Donald Trump’s story of America is changing. Four years ago, Trump loudly denounced Mexican immigrants, Muslim terrorists, urban criminal violence, and China. But he ultimately blamed all the nation’s ills on the “corrupt political establishment” in Washington “and the financial and media corporations that fund it.” They were the “central base” of a “global power structure” that was hostile to most Americans.
By the time of Trump’s Mount Rushmore speech on July 3 of this year, his targets had shifted, slightly but significantly. Now America faced threats from “angry mobs” trying to “tear down statues of our Founders” and “unleash a wave of violent crime” in the service of a “new far-left fascism” found “in our schools, our newsrooms, even our corporate boardrooms.” Trump swung his focus from the “globalism” of Washington elites to the “totalitarianism” of the promoters of “left-wing cultural revolution.”
Ratcheting up his past defenses of “beautiful” Confederate statues, at Mount Rushmore, Trump warned that the largely peaceful recent protests ultimately aimed to “tear down . . . our national heritage.” He waxed lyrical about the country’s alleged need to create a “National Garden of American Heroes.”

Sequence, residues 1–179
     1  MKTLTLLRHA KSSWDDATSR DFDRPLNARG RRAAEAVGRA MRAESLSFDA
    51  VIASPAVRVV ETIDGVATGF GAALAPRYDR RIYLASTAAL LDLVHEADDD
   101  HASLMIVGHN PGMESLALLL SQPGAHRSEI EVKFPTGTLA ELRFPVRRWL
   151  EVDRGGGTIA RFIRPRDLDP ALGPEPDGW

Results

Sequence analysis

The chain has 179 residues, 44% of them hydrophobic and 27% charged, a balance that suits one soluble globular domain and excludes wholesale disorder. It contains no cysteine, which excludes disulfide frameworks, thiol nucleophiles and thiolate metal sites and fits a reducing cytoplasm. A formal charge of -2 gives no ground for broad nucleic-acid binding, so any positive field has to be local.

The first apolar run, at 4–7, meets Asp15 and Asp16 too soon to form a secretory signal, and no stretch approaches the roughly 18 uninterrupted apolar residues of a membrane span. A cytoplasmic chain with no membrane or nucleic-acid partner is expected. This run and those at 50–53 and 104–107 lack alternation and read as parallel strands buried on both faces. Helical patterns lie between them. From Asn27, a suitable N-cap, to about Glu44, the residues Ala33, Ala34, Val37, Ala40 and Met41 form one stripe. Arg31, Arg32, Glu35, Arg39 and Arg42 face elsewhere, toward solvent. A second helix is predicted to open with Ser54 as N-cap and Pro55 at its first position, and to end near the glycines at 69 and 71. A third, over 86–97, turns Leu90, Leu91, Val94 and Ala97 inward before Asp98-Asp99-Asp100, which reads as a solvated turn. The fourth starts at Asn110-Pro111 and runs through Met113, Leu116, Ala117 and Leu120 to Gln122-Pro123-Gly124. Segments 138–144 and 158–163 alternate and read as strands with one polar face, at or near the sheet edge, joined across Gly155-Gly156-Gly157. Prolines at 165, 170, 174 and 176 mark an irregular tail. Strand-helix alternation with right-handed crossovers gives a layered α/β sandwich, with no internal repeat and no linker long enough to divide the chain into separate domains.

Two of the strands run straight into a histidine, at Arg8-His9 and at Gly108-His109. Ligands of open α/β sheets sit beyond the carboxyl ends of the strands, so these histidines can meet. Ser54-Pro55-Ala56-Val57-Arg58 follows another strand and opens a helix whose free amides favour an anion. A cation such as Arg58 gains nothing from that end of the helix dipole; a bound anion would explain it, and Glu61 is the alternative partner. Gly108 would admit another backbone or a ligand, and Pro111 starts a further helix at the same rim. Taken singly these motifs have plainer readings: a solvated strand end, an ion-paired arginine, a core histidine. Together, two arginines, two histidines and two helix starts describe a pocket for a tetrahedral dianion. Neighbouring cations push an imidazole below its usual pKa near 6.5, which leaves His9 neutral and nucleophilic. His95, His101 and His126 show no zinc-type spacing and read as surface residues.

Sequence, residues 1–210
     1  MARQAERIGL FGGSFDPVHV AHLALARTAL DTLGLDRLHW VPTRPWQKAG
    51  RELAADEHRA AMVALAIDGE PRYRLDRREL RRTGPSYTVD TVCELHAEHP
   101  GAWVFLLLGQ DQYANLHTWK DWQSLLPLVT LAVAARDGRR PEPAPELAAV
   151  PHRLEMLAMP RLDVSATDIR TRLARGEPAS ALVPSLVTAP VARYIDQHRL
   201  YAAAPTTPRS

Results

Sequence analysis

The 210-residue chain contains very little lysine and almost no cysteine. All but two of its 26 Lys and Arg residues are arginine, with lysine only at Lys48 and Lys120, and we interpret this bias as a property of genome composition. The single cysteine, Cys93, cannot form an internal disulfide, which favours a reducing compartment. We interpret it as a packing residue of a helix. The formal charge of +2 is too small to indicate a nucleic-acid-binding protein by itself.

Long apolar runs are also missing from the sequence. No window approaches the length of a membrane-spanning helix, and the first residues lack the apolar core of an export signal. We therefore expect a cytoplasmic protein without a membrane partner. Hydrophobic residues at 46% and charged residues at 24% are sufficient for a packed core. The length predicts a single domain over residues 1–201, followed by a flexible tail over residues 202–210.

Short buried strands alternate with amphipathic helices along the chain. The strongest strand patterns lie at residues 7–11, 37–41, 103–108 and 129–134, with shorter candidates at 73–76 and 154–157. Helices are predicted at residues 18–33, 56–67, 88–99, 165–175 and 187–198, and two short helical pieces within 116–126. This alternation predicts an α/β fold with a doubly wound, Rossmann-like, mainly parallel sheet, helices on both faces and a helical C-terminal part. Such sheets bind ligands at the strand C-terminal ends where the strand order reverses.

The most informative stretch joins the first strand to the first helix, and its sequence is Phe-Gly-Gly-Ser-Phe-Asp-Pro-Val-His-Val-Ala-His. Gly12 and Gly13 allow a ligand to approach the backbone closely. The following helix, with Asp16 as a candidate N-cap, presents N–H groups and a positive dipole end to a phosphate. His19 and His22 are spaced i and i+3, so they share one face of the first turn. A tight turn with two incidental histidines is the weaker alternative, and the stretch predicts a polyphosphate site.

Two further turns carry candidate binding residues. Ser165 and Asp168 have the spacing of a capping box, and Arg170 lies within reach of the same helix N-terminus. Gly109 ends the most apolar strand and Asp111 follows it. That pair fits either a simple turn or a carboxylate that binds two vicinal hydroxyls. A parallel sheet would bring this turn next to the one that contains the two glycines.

It’s easy to dismiss Trump’s celebration of symbols and the “incredible story” of America, and his attacks on protestors and immigrants, as merely cynical, a rhetorical means of distracting his audience from a raging pandemic and a feeble economy.
But stories and symbols are indispensable to constructing the meaning and purposes of our political communities and shared lives.
Of course, America has grown into an extraordinarily diverse land, and its diverse inhabitants tell many different stories of what it means to be an American. But no story has been more widely resonant than the narrative of American purposes enunciated in the opening paragraphs of Declaration of Independence, first drafted by Thomas Jefferson, refined by the Continental Congress, and reinterpreted as the nation’s founding document almost a century later by anti-slavery constitutionalists, Frederick Douglass, and President Abraham Lincoln.